Report by Heather Irvine
Finishing a marathon. Running a sub-four marathon. Breaking three hours in a marathon. Running a marathon in all 50 states or across seven continents. Qualifying for Boston. We've heard the bucket list items again and again. But the deeper I get down the rabbit hole that is the the running community and the more bucket list items I hear about, the more perplexed I become.
There's an item missing from the majority of these lists: the Athens Marathon in Greece, more specifically, the one that starts in the town of Marathonas. Literally where marathoning started.
Maybe Greece doesn't publicize the November race enough. Or maybe it's overshadowed by the New York City Marathon, which falls the week before and draws worldwide attention. Or maybe people don't even realize there's a marathon in the town of Marathon.
No matter the reason, distance runners should be breaking down the doors to flock to their mecca of Marathonas. I did, last fall, and it was the most fun I've ever had over 26.2 miles.
I could go into specifics about my training (I trained for the September mile and then threw in some long runs and called it a day), my weekly mileage (not many), how I modified my diet in the days we hung out in Athens before the race (stayed away from shaved meat). But this marathon wasn't about that. I knew going into it this was going to be a fun race, a once-in-a-lifetime race, a bucket list race, and I wasn't going to be bogged down by my Type A self turning this into another "race the clock" race.
We got to Athens 2.5 days before the marathon. Enough time to tire my legs out walking all over the city, time to drink heavy Greek coffee causing my stomach to ask me, "what the heck?," and time to experiment with some authentic Greek cuisine, barring the shaved meat.
The temps were warm (low 70s), and I knew it would be a warm race without much shade. But instead of panicking about my time, I thought, you're here to enjoy it and not end up in the hospital hooked to IVs (again).
The Bus Ride
On Sunday morning, while Jeff slept in the separate twin bed, because Europe, I made my way to a line of coach buses in the dark. It was cool, and there was a buzz of excitement, but one that was still shrouded in sleep. I sat next to a woman from England who'd run the race at least once before. She warned me that there's no shade and the road has bits of marble in it, causing the sun to reflect back into your face. But then she told me it took her almost six hours to complete the course, so I worried a little less about my day in the Grecian sun.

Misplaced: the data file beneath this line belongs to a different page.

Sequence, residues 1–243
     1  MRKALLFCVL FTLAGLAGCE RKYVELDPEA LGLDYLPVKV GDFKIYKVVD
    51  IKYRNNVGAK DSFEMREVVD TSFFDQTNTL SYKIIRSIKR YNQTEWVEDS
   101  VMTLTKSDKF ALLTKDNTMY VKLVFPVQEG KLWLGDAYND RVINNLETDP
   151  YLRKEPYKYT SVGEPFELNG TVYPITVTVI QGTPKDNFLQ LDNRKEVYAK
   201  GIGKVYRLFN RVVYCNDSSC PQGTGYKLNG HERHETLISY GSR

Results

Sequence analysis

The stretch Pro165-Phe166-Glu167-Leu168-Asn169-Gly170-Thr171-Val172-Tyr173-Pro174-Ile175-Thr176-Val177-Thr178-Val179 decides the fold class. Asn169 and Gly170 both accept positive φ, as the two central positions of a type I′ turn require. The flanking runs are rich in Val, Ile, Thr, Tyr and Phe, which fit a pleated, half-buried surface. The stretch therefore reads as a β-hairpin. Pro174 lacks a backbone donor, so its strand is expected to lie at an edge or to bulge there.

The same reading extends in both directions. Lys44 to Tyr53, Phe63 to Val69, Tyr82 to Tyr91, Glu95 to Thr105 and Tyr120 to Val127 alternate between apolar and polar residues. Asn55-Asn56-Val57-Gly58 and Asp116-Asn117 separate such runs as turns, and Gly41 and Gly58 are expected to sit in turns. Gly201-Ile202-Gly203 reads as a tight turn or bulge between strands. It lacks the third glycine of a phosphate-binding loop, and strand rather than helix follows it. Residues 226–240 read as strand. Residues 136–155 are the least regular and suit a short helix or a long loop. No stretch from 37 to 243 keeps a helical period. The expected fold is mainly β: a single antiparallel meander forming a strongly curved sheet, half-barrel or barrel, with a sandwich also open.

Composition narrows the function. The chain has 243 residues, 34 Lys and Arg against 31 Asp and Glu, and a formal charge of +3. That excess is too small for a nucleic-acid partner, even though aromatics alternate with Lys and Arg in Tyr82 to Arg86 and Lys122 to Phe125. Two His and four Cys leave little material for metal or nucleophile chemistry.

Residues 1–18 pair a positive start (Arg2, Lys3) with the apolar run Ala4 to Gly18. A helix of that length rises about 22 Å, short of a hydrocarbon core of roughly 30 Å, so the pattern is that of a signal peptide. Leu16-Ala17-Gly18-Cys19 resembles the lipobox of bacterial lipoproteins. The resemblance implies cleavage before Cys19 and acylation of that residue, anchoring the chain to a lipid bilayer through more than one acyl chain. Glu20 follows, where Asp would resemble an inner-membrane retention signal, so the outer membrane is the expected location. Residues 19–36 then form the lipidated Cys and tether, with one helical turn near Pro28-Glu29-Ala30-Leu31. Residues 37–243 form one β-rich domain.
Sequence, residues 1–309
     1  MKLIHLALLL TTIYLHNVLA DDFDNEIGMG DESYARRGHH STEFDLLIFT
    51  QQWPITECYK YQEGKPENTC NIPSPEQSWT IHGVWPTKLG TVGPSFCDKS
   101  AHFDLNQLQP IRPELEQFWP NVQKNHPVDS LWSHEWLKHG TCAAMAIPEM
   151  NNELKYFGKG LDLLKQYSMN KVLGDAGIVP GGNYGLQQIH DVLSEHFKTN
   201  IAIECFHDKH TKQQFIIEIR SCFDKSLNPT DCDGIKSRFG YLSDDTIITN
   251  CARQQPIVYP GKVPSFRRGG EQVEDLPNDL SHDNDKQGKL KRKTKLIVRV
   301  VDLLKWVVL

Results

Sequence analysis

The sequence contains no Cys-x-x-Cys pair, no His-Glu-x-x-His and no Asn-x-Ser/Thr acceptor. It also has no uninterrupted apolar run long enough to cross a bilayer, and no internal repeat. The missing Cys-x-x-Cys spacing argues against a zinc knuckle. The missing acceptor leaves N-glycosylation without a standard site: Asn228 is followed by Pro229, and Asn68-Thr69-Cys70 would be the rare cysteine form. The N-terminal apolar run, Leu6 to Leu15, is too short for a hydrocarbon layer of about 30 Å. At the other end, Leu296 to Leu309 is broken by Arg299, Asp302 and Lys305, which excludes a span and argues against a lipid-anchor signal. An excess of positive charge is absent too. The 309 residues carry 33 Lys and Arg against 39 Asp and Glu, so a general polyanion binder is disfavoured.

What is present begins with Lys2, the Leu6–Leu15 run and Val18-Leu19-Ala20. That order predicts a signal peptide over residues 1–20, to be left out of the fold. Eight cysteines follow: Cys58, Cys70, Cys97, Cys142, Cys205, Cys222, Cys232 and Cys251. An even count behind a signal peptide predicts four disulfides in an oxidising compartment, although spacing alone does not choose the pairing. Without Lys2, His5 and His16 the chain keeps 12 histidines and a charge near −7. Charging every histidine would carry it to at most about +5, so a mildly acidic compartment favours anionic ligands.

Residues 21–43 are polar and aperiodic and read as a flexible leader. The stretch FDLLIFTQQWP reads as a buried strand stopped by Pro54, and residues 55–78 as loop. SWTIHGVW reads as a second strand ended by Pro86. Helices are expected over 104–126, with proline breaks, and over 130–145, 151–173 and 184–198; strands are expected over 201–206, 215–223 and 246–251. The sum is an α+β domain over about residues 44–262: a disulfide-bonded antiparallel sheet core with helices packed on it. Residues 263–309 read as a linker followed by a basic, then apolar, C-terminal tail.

Marathonas is about a 40- to 45-minute northeast drive from Athens. The farther away from Athens we got, the more desolate the landscape became. I think the one "thing" to do in Marathonas is the "Marathon Museum." And it doesn't get very crowded.
The sun came up and we passed signs for "Marathonas." Quite surreal, actually.
The bus unloaded 11,000 runners (most of them European men) at a local beat-up track. There were porta potties, not lines of them like at Boston or New York, but there also weren't many runners. And lots of toilet paper.
There wasn't much fanfare at the start. Nothing like you'll see at the major marathons in the United States (or London, Berlin, or Tokyo). Although that wasn't for lack of effort on the mayor of Marathonas' part. There was music, and he tried to hype people up by repeating over and over again, "Where it all began! The authentic Athens Marathon!" I think they realize this is a big deal, but Greece's marketing team didn't get the memo.
I was toward the front and noticed how few women there were. A few people nodded at my North Brooklyn Runners singlet. I even got a couple "BROOKLYN!" screams from Europeans.
Balloons were released before the first corral took off - a pretty cool sight against the clear blue sky. And we were off, to the sound of the mayor shouting, "You're about to run the authentic Athens marathon!" On repeat.
I'm not going to break down my race mile by mile. Again, it wasn't about that. It was about putting an olive branch in my hair at mile three, from a Ya Ya. Stopping around mile five to take a photo of a street sign that read "<---Athina Marathonas--->." Pulling over at a porta potty (which over a dozen half marathons and five marathons I'd never done) because I wanted to be comfortable throughout the race.
It was about making some Greek and Norwegian friends on a six-mile hill and literally running with the world. About pretending I was Pheidippides on a mission to deliver a very important (and world-changing) message, as I passed through an underpass to the beat of some very impressive drumming.
It was about smiling at the little girls who pointed at the gold wings on my shoes and about applauding the children who proudly wore fun run medals around their necks. About savoring the ceaseless cries of "brava bella!" from the women in the crowd because there were so few women in the race.
Running from Marathon to Athens was about being in the moment and savoring the history of our sport. It was about stopping just before the finish line to hug my husband who watched me in yet another marathon. And stopping again to take a photo of the finish line in the marble Olympic stadium, and then sprinting down the straightaway, Acropolis in view on the hill several miles away.
It was about crossing the finish line relatively pain-free in 3:39: an unexpected time on a hot day on a hilly course with a relaxed pace.
It was about yelling "nike" as they placed a medal on my neck.